Morimi: So that was like your second awakening. If we’d proceeded in that far, Aoyama’s story would cease to exist (laughs).

Ishida: That’s why I was entirely on board for Aoyama being in 4th grade.

— You managed to experience that kind of love at the perfect age. Speaking of which, was there anything you were conscious of aside from making Aoyama’s boyhood appear realistic?

Ishida: Stuff like how he treated boobs. I wouldn’t go so far as to say he’s mature about it, but his fascination with them is something special. To do that, we needed to be careful while fine-tuning the realistic and fantasy aspects.

There was also the exchanges with Suzuki, the bully. Suzuki is a rather vulgar little boy. By itself, it’s not interesting to watch, but that toxicity is an essential factor for conflict. If we just focused on the family-friendly points, it would diminish the value of the positive moments, so we had to be careful of the balance.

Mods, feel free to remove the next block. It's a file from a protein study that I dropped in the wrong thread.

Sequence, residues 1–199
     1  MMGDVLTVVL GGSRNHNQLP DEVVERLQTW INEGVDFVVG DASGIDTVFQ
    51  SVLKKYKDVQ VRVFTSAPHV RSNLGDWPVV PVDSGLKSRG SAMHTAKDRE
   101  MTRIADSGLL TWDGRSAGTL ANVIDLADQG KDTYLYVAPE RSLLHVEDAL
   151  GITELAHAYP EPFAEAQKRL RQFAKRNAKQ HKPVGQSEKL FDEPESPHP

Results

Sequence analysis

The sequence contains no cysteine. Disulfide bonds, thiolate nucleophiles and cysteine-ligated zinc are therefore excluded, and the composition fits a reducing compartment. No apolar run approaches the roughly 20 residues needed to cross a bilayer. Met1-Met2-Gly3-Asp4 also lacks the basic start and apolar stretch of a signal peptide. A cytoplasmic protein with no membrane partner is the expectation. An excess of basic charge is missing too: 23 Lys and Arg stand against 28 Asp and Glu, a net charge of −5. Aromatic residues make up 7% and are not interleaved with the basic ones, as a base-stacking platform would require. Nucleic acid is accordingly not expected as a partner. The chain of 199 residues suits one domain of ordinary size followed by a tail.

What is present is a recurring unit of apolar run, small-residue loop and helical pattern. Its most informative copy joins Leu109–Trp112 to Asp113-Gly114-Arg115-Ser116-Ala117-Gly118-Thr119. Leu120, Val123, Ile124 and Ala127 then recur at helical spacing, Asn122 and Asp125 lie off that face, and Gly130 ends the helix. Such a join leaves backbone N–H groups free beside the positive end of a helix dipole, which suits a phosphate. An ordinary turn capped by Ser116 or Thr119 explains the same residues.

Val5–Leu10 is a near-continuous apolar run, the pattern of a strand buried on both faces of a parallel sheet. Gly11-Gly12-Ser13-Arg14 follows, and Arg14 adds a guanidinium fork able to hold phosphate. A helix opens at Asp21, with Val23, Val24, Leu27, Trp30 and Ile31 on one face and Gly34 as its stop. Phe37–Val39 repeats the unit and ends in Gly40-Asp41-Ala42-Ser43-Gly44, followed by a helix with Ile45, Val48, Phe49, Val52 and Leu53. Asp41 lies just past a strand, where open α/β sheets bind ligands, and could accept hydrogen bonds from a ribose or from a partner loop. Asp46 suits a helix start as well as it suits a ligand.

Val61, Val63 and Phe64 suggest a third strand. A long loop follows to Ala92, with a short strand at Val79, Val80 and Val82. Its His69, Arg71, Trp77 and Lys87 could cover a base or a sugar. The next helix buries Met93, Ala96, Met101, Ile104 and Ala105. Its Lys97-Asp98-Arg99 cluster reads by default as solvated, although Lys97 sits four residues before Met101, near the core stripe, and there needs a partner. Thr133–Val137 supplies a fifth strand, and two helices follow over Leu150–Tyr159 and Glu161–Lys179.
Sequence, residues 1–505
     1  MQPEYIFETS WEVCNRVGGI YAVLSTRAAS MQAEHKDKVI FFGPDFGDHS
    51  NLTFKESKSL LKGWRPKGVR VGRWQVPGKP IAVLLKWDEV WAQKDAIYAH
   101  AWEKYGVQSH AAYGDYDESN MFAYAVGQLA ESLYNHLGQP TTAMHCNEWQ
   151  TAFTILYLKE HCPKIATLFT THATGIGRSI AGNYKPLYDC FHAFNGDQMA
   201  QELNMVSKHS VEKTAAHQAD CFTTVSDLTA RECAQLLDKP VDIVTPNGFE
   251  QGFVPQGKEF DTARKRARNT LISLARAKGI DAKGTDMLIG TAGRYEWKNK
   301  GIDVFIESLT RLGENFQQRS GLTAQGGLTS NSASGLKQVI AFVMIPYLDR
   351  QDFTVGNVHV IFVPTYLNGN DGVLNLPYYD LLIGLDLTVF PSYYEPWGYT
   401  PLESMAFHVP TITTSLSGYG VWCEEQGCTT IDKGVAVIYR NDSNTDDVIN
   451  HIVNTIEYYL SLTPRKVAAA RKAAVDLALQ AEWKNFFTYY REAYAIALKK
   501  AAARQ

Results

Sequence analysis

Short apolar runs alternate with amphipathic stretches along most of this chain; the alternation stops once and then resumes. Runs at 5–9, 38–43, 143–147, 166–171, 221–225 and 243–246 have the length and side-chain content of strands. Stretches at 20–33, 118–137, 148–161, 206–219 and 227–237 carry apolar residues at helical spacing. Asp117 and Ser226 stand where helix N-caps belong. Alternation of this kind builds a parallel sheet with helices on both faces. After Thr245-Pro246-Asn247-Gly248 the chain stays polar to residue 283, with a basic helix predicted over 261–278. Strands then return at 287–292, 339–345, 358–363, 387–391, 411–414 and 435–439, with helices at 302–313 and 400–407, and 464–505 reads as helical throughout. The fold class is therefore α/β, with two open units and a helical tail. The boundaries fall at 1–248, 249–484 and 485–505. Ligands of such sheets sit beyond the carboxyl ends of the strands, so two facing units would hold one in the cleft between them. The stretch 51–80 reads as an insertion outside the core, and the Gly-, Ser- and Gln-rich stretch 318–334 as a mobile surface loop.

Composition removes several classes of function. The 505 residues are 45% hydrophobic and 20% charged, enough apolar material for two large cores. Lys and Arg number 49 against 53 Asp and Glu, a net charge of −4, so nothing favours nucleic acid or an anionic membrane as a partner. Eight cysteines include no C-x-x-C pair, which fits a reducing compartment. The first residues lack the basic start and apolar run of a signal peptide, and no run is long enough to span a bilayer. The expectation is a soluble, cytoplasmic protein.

Morimi: Because it’s a movie, there is no way around having the point of view be a direct bird’s-eye view. This was a troublesome change from the strong first person view I wrote in the novel. No matter how horrible Suzuki got, Aoyama never got peeved, so Suzuki didn’t seem that awful in writing.

Ishida: Suzuki is kind of a brat (laughs).


— Who do you want to see this movie?

Morimi: I want children that question the mysteries around them to watch this movie. In short, I want to show it to my childhood self. The scenery and wild ideas I envisioned are so vividly displayed on screen, it would shock my younger self. Of course, some adults are just as curious, so I want them to see it too.

Ishida: While in production we weren’t thinking about a target audience, but I think I would have wanted to see this movie as a child. A lot of movies that have stuck with me since seeing them in my childhood had terrifying scenes that I wasn’t able to comprehend at the time — this movie embodies that. The goal was to bring wonderous scenes or parts of the story that we wanted to draw to the big screen. The potential was always there. Just as Morimi said, if I’d seen this movie as a 10-year-old, I’m sure I would have been ecstatic.

Morimi: If kids see this towards the end of their summer vacation, they are never going to forget what they watched. They’ll be drawn in like, “what in the world did we just see?”